The Need for a Juvenile Fire Setting Database


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Abstract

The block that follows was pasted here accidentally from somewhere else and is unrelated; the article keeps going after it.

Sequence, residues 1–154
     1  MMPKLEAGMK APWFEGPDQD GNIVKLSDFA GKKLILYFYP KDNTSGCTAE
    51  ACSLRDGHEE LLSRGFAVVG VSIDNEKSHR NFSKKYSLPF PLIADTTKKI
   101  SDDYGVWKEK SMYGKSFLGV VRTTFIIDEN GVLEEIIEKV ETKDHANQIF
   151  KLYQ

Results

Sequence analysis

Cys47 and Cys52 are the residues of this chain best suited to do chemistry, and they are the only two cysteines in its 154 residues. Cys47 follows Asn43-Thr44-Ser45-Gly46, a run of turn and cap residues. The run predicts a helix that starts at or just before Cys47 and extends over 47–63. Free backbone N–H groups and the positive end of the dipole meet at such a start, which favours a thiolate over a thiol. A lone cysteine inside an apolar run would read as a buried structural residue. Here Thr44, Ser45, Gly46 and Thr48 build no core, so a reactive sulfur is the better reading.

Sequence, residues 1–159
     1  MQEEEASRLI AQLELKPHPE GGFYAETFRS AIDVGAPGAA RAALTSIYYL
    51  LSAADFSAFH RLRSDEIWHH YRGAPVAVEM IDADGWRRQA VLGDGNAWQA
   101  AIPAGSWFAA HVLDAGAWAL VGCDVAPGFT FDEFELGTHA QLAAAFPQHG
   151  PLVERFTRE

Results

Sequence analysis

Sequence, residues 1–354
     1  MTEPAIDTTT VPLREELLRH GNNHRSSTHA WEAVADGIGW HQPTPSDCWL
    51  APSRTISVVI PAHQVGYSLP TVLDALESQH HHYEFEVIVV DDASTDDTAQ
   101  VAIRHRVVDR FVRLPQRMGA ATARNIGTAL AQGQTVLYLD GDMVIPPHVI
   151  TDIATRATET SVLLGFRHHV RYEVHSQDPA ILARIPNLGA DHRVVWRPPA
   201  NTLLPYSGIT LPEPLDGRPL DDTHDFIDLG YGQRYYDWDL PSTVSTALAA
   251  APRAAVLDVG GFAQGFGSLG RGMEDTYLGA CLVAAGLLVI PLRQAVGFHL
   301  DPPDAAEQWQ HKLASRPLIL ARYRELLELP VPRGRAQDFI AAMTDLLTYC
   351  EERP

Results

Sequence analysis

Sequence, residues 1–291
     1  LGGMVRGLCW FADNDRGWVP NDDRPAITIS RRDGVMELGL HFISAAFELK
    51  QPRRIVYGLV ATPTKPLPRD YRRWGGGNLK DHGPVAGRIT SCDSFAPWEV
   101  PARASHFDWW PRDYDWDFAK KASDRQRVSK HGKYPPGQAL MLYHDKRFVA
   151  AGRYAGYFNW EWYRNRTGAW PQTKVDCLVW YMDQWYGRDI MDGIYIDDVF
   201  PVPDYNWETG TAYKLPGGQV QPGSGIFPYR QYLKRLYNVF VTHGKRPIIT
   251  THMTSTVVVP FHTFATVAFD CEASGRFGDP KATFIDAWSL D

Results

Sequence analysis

A juvenile fire setter can be classified as any youth setting a fire regardless of the reason. Many communities have programs to deal with this problem, most based on models developed by the United States Fire Administration. We reviewed our programs data to compare it with that published nationally. Currently there is not a nationwide database to compare fire setter data. A single institution, retrospective chart review of all fire setters between the years of January 1, 2003 and December 31, 2005 was completed. There were 133 participants ages 3 to 17. Information obtained included age, location, ignition source, court order and recidivism. Analysis from our data set found 26% of the peak ages for fire involvement to be 12 and 14. Location, ignition source, and court ordered participants were divided into two age groups: 3 to 10 (N = 58) and 11 to 17 (N = 75). Bedrooms ranked first for the younger population and schools for the latter. Fifty-four percentage of the 133 participants used lighters over matches. Twelve percentage of the 3- to 10-year-olds were court mandated, compared with 52% of the 11- to 17-year-olds. Recidivism rates were 4 to 10% with a 33 to 38% survey return rate. Currently there is no state or nationwide, time honored data base to compare facts from which conclusions can be drawn. Starting small with a statewide database could educe a stimulus for a national database. This could also enhance the information provided by the United States Fire Administration, National Fire Data Center beginning one juvenile firesetter program and State Fire Marshal’s office at a time.

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